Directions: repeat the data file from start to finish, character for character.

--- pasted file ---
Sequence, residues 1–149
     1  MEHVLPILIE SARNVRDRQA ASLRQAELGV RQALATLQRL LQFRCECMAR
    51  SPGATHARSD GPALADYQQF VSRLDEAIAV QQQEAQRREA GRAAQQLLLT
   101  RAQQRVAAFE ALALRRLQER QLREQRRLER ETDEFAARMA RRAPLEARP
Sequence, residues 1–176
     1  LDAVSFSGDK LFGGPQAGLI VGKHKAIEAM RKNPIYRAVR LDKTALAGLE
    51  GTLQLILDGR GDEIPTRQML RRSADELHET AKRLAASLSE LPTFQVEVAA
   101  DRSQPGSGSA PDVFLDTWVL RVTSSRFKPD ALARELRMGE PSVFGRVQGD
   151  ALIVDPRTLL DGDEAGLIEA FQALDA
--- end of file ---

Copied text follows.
Sequence, residues 1–149
     1  MEHVLPILIE SARNVRDRQA ASLRQAELGV RQALATLQRL LQFRCECMAR
    51  SPGATHARSD GPALADYQQF VSRLDEAIAV QQQEAQRREA GRAAQQLLLT
   101  RAQQRVAAFE ALALRRLQER QLREQRRLER ETDEFAARMA RRAPLEARP
Sequence, residues 1–176
     1  LDAVSFSGDK LFGGPQAGLI VGKHKAIEAM RKNPIYRAVR LDKTALAGLE
    51  GTLQLILDGR GDEIPTRQML RRSADELHET AKRLAASLSE LPTFQVEVAA
   101  DRSQPGSGSA PDVFLDTWVL RVTSSRFKPD ALARELRMGE PSVFGRVQGD
   151  ALIVDPRTLL DGDEAGLIEA FQALDA